Biljana Sekulovska: At the beginning of this interview, you detected certain political parties and politicians who are under Russian influence and who are continuously spreading it in North Macedonia.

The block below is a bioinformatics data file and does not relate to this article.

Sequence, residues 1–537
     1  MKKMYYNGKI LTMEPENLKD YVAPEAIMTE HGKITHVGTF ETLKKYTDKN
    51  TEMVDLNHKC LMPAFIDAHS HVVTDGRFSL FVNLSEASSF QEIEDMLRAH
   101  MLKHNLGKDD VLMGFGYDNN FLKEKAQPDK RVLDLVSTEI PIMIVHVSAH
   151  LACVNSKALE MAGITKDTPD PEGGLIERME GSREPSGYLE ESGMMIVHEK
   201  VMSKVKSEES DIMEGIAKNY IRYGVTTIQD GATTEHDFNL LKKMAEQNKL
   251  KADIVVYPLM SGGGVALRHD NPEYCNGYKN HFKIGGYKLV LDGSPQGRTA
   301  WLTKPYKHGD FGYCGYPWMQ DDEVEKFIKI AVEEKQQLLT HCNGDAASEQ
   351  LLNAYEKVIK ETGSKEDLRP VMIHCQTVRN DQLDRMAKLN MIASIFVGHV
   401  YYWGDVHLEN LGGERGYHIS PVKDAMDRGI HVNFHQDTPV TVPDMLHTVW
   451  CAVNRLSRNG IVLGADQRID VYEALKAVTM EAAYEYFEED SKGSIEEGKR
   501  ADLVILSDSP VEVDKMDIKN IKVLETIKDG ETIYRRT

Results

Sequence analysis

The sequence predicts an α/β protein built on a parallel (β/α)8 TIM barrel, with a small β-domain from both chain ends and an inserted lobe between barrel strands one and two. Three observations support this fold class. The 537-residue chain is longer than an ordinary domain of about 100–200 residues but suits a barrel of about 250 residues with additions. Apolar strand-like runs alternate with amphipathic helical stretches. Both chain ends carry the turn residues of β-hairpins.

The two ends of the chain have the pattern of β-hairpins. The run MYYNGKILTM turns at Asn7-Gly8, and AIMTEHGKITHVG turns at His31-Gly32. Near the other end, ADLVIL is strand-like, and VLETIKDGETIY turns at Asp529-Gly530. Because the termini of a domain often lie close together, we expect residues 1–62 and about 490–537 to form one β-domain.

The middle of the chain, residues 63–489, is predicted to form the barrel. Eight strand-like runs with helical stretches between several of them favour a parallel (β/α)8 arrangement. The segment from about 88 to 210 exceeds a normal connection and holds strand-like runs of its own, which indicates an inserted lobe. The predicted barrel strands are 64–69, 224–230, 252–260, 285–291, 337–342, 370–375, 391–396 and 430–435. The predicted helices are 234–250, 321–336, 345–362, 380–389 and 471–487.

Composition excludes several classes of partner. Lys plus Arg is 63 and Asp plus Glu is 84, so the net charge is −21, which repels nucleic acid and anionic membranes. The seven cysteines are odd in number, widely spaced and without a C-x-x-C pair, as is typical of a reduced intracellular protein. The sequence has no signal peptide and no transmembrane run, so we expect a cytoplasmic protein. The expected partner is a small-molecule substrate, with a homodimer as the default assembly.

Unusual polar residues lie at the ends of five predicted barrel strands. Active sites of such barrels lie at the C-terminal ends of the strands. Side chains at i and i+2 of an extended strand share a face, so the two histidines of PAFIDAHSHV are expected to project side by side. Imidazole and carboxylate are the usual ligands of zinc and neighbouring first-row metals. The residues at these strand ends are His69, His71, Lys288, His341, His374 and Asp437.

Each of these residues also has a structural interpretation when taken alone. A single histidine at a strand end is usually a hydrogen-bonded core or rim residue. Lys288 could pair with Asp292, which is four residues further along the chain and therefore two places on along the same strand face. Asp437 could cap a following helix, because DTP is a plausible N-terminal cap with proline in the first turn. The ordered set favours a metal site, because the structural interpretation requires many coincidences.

Albert Musliu: There are analysts, public figures, politicians, and political parties. I must point out that they are marginal. There is not a single political party in North Macedonia that is publicly pro-Russian or that has managed to enter the Macedonian Parliament, which is an encouraging sign, although that does not mean that this will not change in the future. At present, there is not any party that identifies with Russian politics that has received as many as 10,000 votes. So, neither of these parties can become part of the Macedonian parliament and promote their encouraging narrative in the parliament. But on the other hand, all these subsequent disappointments – first with Greece, then with the blockade by France, and now, the absurd blockade by Bulgaria – all these disappointments can change the public discourse and the narrative in the society and possibly open the ground for these political parties. For them, even entering the parliament would be a great success. We have a political party with a vague orientation that is anti-NATO. It has already entered the Macedonian parliament. It did not enter because of its pro-Russian orientation, but more than half of its narrative is Eurosceptic, anti-NATO, and it is against all the agreements that this country has made, which define it as a European-oriented state. So, the pro-Russian discussion might enter the parliament indirectly.